Being Married to an Atheist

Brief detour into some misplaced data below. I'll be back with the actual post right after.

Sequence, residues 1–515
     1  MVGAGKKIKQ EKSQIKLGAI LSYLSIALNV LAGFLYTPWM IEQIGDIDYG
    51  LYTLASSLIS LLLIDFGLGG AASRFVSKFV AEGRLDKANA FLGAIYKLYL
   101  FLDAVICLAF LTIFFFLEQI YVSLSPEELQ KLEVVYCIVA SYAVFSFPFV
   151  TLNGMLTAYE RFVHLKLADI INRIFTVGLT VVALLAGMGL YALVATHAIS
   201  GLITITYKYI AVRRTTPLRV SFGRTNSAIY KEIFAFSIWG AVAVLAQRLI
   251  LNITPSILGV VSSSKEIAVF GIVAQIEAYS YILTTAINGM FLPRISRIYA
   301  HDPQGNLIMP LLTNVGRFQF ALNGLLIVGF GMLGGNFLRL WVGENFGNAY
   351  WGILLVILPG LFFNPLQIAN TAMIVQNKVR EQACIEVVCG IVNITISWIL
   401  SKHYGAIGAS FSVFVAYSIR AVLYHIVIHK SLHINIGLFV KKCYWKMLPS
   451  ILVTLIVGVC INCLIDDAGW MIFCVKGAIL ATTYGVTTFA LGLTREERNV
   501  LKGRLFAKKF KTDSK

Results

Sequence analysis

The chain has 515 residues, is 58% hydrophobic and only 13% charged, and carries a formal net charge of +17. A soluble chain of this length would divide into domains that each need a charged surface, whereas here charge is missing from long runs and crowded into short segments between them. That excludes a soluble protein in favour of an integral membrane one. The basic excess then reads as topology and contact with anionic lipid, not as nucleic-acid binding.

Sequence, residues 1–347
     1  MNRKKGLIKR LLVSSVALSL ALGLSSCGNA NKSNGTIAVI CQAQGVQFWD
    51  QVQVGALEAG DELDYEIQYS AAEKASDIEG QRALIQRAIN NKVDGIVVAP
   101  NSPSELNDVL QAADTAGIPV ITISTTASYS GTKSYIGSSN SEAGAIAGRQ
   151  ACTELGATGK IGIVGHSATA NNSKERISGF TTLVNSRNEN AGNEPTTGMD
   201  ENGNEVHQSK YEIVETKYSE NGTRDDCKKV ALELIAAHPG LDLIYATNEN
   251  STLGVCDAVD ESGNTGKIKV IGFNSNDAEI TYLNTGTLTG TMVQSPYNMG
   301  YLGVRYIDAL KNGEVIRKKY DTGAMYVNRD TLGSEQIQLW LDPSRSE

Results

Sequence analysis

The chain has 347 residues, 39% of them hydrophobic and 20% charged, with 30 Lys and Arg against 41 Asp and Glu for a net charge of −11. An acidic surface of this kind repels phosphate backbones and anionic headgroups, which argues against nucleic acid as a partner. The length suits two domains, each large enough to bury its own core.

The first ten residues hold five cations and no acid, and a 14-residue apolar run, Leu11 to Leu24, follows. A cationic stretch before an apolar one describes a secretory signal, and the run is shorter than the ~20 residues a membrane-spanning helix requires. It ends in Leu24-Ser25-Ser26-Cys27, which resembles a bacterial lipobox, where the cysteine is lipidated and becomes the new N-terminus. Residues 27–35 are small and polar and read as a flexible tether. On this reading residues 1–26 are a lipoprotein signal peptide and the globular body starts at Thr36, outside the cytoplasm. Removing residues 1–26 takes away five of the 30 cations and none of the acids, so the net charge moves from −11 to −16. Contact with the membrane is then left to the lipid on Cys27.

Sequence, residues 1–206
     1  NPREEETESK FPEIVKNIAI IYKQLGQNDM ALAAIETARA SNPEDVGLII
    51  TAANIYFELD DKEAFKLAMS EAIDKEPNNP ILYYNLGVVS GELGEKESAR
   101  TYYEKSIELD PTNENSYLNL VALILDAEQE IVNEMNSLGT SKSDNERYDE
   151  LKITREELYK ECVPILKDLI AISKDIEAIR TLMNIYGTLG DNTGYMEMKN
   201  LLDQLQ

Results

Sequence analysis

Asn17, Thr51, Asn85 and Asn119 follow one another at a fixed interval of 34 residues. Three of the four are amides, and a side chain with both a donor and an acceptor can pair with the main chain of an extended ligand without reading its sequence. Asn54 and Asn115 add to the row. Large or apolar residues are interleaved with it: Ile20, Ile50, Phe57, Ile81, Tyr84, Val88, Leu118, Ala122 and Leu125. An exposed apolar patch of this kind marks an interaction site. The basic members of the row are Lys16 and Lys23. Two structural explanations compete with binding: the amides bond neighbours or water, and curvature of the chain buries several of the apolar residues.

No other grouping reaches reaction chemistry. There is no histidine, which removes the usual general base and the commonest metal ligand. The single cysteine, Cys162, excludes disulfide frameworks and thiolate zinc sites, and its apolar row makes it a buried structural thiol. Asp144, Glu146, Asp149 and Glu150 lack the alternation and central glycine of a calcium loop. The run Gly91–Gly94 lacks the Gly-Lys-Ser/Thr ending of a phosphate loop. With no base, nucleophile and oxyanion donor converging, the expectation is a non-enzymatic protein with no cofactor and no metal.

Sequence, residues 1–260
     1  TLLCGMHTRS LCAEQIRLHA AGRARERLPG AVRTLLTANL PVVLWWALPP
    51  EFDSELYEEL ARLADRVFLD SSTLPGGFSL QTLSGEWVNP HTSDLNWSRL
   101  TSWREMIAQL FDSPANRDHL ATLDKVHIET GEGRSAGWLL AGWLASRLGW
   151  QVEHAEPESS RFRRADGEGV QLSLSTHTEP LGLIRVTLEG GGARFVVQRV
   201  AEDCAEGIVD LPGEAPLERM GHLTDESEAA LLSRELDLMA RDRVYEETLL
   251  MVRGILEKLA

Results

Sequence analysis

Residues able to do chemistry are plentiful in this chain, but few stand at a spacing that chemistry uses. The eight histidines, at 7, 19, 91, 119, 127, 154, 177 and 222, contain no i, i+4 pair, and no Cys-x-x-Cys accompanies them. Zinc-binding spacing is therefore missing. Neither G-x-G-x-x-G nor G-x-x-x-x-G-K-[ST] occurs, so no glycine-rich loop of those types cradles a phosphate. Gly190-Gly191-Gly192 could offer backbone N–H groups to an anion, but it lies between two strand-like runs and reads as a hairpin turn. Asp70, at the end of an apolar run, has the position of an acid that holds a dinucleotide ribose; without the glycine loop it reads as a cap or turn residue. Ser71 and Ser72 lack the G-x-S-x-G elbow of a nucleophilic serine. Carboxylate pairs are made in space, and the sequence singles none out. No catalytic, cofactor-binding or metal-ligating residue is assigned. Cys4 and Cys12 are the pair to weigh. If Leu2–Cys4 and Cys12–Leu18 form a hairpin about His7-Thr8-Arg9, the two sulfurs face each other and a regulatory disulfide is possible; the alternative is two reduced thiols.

If you are already married to an atheist, you are bound to him or her for life. The only exception is ongoing adultery, but there is hope. God can work in any spouse’s heart. Think about this if you’re a believer married to a non-believer; “For how do you know, wife, whether you will save your husband? Or how do you know, husband, whether you will save your wife” (1st Cor 7:16) so “if any brother has a wife who is an unbeliever, and she consents to live with him, he should not divorce her. If any woman has a husband who is an unbeliever, and he consents to live with her, she should not divorce him” (1st Cor 7:12-13). Paul’s point is if the non-believer is happy to stay married then the believer has no reason to divorce them because how do we know if one of the spouses might be saved in the marriage? All you can do as a believer is pray for them, love them unconditionally, serve them, and be the best husband or wife you can be. If you do this and obey God, you can leave the rest up to God. Jesus never forced Himself on anyone and neither should we cram our beliefs down anyone’s throats. Jesus said, “Come to Me” (Matt 11:28), not “Here I come!” People are free to read this or critique it. That’s fine. They are responsible for their own eternal destiny, but I do pray they will come to the Savior so that they might have eternal life (Acts 4:12).